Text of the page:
While working on feedhuddler.com there are tests that test the feedparsing functionality. It uses the actual feeds from their origins, which I think is ok for this situation. If the feeds are not longer parseable by feedhuddler the continous integration will fail and I can look into it. It could be managed by some downloaded feeds and mocking of the requests. However, I wouldn't feel comfortable by putting other peoples content in the feedhuddler repo. Furthermore, it should be easy to add a feed that is reported to break the parser without much work. The tests can take a while on the continous integration server without it beeing a big deal, but locally the time consuming tests makes it cumbersome to work test driven or to work with the tests at all.
rmoq was created to work around that problem. It listen on all requests made by the requests framework and intercepts them. If a request is already been cached in the cache folder it creates a response based on a local file. On the other hand, if no file exists for that url it will perform the request and save the content into a file and then return the response. Thus, if the files are already there the tests will run faster and no manual work is needed to create the local files.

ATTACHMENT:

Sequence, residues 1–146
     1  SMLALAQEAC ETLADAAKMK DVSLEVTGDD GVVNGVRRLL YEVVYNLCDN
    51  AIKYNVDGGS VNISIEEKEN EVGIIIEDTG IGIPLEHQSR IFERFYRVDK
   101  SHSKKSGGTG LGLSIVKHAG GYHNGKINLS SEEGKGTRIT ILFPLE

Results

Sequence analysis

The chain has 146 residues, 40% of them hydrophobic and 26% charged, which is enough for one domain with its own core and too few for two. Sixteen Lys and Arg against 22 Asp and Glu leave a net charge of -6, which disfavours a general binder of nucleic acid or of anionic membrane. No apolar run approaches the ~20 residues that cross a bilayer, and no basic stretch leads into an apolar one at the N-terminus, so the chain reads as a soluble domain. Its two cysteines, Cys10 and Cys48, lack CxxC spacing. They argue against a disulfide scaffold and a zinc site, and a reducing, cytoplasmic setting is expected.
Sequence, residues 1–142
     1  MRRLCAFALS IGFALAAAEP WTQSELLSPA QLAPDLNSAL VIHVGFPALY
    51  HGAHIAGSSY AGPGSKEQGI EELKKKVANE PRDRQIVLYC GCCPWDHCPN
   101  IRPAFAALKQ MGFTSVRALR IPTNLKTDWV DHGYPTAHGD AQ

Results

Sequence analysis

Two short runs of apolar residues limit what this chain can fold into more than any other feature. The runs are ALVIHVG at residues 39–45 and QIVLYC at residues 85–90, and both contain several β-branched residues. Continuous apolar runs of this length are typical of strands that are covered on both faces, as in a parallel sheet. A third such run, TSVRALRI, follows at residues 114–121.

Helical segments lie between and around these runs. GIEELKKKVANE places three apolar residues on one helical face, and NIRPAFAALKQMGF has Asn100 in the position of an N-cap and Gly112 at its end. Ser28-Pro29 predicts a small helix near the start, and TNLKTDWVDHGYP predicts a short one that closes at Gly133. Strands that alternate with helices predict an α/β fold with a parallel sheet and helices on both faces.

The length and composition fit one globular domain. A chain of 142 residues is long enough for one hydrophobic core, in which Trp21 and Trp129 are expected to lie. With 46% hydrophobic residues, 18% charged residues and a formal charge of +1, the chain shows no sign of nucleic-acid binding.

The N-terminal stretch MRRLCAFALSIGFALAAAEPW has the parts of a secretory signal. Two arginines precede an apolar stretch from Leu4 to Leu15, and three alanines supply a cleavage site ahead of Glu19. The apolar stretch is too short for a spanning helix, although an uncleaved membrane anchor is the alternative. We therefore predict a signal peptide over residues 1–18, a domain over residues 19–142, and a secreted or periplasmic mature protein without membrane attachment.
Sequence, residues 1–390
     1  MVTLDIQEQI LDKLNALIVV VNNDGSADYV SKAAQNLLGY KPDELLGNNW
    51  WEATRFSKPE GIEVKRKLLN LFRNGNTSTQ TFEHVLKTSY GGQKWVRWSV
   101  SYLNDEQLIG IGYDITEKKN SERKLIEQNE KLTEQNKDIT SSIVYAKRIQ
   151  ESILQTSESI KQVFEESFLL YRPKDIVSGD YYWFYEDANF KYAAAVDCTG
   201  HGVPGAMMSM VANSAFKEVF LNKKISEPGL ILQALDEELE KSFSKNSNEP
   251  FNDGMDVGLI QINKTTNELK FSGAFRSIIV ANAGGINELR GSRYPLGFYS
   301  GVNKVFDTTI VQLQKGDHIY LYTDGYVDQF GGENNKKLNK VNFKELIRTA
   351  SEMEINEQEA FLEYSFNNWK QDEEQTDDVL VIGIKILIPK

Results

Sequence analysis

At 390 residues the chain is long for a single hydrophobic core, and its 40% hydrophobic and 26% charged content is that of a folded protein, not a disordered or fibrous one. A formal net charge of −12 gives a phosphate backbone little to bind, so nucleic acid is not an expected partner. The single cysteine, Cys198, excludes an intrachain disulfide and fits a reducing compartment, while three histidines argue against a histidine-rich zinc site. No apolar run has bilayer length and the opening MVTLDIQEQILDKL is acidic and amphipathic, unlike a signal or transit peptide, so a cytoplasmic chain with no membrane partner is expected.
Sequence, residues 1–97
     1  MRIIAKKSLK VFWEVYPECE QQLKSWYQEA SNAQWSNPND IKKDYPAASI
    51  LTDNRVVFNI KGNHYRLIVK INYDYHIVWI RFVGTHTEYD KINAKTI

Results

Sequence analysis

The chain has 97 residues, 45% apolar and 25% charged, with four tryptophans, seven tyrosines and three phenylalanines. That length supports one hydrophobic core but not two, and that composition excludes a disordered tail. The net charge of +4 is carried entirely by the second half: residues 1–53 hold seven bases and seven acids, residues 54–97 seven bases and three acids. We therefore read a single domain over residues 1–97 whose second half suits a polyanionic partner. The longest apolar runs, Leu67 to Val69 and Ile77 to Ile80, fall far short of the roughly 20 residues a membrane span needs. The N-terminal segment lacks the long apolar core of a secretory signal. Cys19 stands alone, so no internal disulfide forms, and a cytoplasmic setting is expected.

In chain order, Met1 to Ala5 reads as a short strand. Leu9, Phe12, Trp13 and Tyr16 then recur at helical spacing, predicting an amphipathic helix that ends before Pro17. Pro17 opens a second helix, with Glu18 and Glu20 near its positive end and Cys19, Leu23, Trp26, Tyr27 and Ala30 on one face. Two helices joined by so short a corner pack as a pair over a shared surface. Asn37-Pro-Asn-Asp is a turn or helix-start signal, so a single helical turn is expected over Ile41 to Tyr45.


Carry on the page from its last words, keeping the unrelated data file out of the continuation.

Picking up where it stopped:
A nice side-effect of using files as storage is that they can be added to the version control repo. In the case of the feedhuddler tests it is not wanted behaviour, but in other cases it might be just what you want to add these files to code repository.
The code can be found on github.com/relekang/rmoq and it can be installed with pip:
pip install rmoq
The basic way to use it is just to add a decorator to your test:
@rmoq.activate('test_fixtures') def test_remote_call(): response = requests.get('http://example.com') assert response.body == 'Example'
The path parameter sent in above is optional, and if left out the path will then be set to
fixtures/. The test function is then wrapped in a with statement that intercepts all requests and either load them from file or fetches the content from the url and saves it to a file before returning the response.
The feedhuddler tests went from
Ran 21 tests in 41.394s to
Ran 21 tests in 1.942s which is quite a speedup and the tests suite is much more pleasant to work on.